Provo passes new law to deal with crowd control downtown

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Fictionist frontman Stuar Maxfield plays to a packed crowd at the September 2012 Rooftop Concert. (Photo courtesy of Justin Hackworth)

Fictionist frontman Stuart Maxfield plays to a packed crowd at the September 2012 Rooftop Concert. The new gathering law will cause more safety precautions and planning for events, such as the Rooftop Concert Series, in downtown Provo. (Photo courtesy of Justin Hackworth)

It’s nearly summer, and in Provo that means it’s race season, festival season, concert season, outdoor movie season, and getting closer to Provo City Center Temple open house season. And most of those events will be held downtown, where there are businesses and residents using the same space as the events.

So the Provo council decided it was time to make sure city law on large assemblies — aka festivals and events — ensured the city could recoup the money it spends to keep the city running smoothly for everyone during those events, like costs for public safety.

“Right now the city ends up not always able to cover the costs for, say, police protection or public safety protection that must be provided,” said Camille Williams, assistant city attorney.

The new law, which passed unanimously, also streamlines the application process (something the city’s been working on for years), allows for events protected by the Constitution (think First Amendment), includes what to do if there are conflicting applications for events and allows the city to suspend or revoke an already-granted permit. The law already allowed for the city to deny events.

In the past people had to file an application with the city’s licensing office, then get approvals from other departments, which caused confusion, according to a memo to the city council. So in 2011, an administrative directive changed that — now applicants submit their requests to customer service and then they’re reviewed by a Special Events Review Committee. That committee evaluates the impact of the event, logistics of the location, required city services and the operational plan. But that new process wasn’t put into law.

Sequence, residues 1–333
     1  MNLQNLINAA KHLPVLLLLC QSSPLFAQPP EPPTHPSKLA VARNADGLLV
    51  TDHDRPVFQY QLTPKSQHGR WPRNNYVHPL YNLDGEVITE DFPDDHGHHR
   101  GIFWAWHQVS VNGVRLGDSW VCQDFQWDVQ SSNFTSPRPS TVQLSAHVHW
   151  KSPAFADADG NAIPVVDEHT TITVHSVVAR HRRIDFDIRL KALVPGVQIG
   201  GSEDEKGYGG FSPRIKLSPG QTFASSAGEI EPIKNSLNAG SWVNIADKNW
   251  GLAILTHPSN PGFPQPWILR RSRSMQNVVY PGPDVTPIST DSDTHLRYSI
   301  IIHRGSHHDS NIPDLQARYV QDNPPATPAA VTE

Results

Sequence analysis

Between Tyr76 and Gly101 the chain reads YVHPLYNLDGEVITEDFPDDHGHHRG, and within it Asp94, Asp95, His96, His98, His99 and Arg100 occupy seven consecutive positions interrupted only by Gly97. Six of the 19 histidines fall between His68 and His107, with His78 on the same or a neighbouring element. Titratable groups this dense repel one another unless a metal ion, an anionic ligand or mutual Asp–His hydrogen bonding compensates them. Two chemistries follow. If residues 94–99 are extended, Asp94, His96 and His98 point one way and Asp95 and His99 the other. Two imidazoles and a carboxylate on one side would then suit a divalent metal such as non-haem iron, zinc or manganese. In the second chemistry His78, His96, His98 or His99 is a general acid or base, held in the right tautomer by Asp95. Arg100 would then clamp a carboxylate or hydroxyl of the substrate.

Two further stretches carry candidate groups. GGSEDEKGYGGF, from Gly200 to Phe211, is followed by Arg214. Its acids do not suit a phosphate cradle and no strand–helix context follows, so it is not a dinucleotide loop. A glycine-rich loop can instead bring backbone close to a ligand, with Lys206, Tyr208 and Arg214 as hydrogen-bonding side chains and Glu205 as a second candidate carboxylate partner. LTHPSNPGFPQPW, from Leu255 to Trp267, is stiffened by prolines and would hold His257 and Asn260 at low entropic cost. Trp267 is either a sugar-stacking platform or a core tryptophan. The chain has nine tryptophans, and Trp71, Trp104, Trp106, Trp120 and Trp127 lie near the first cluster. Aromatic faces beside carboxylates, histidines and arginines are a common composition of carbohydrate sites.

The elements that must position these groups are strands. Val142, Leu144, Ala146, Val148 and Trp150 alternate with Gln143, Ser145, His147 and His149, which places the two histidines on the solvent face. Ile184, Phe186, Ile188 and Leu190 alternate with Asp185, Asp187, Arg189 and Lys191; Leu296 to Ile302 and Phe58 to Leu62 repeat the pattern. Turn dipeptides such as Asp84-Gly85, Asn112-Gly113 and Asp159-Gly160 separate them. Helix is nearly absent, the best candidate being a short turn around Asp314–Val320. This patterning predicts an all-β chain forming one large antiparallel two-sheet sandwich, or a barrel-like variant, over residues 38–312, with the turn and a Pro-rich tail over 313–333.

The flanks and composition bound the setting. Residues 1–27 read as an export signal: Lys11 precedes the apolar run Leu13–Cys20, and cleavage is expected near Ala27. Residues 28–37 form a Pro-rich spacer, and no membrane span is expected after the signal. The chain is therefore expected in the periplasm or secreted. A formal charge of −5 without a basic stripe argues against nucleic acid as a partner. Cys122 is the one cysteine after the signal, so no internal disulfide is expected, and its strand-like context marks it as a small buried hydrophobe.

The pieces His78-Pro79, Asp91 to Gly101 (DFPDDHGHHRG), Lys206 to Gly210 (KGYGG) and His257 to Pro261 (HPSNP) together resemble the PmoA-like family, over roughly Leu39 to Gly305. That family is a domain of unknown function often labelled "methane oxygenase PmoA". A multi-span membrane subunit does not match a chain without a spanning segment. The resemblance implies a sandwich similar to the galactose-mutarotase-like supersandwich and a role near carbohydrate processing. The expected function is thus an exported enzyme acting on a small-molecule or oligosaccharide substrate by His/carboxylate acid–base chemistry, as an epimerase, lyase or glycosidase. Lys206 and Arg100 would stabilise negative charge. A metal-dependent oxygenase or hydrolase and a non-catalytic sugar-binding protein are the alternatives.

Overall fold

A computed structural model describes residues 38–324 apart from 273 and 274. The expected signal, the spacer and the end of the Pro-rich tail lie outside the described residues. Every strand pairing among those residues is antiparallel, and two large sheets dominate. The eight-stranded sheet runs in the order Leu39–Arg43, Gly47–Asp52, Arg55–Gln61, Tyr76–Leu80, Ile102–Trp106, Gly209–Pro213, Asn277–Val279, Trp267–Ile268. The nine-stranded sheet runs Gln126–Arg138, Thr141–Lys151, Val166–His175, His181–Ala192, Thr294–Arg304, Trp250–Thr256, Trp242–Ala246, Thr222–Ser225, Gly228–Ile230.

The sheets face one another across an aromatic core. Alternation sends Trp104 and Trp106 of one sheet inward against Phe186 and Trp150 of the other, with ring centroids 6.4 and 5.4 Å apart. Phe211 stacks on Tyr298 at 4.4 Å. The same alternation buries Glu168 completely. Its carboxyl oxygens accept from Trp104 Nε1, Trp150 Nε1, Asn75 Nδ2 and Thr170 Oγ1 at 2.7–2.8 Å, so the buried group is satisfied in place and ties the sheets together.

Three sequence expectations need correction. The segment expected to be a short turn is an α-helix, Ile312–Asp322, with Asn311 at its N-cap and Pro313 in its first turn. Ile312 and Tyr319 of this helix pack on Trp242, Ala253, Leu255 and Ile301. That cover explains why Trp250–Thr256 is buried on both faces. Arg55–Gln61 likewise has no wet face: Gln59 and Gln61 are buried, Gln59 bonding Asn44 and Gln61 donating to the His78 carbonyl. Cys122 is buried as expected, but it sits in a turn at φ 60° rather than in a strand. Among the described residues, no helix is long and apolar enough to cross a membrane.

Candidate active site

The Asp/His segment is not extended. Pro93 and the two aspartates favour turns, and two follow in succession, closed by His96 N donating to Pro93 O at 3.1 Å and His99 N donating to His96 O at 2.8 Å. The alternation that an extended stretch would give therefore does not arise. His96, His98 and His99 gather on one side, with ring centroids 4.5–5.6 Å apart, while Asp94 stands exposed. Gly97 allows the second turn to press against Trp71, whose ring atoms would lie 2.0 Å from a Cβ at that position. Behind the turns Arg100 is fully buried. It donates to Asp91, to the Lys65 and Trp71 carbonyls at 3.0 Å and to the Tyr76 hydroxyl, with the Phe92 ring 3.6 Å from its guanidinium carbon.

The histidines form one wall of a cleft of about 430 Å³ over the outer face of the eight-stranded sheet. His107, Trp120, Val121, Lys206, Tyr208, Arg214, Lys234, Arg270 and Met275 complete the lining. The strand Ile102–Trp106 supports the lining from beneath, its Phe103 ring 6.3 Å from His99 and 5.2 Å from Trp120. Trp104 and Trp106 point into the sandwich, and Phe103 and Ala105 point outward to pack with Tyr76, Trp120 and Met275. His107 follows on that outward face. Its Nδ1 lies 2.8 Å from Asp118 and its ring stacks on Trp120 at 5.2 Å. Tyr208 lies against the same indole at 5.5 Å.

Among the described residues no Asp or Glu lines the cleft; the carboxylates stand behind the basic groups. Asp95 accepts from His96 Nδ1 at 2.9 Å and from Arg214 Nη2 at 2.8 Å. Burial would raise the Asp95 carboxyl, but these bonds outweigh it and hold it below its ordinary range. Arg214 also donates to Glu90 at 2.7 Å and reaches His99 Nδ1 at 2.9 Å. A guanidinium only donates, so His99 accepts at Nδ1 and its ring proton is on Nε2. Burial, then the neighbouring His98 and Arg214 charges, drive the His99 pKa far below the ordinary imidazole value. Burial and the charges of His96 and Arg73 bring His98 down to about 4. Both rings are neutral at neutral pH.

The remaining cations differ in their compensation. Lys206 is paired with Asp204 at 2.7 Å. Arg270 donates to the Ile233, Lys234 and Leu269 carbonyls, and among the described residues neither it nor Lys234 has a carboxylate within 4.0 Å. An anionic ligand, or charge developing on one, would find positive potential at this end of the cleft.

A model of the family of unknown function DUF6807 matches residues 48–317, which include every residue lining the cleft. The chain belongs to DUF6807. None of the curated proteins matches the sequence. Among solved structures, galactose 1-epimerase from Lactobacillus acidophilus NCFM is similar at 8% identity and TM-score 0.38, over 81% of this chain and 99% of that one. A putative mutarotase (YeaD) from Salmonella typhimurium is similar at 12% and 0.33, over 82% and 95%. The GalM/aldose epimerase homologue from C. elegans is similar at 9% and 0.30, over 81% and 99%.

The new law “updates it to help reduce the city’s exposure to lawsuits and improves customer service,” Williams said.

The next large public gathering in downtown Provo is Friday — the first of this summer’s Rooftop Concerts, with Joshua James, Sego and Quiet House. And they won’t be held on a rooftop anymore; this year’s concerts will be on Center Street at 100 West.

And then June 13 is the annual Utah Valley Marathon, which ends at University Avenue and Center Street. Expect traffic delays along University Avenue from the mouth of Provo Canyon to 300 South. Provo police are encouraging anyone trying to get from the east side of Provo to the west side during the event to use 300 South.

The LDS Church hasn’t announced dates for the Provo City Center Temple open house, but it’s expected to be later this year or early in 2016.

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Amie Rose has more than 14 years of experience writing and editing at newspapers in Utah and New Mexico. She graduated from BYU with a degree in journalism. She lives in Utah Valley with her husband, toddler and crazy dog.

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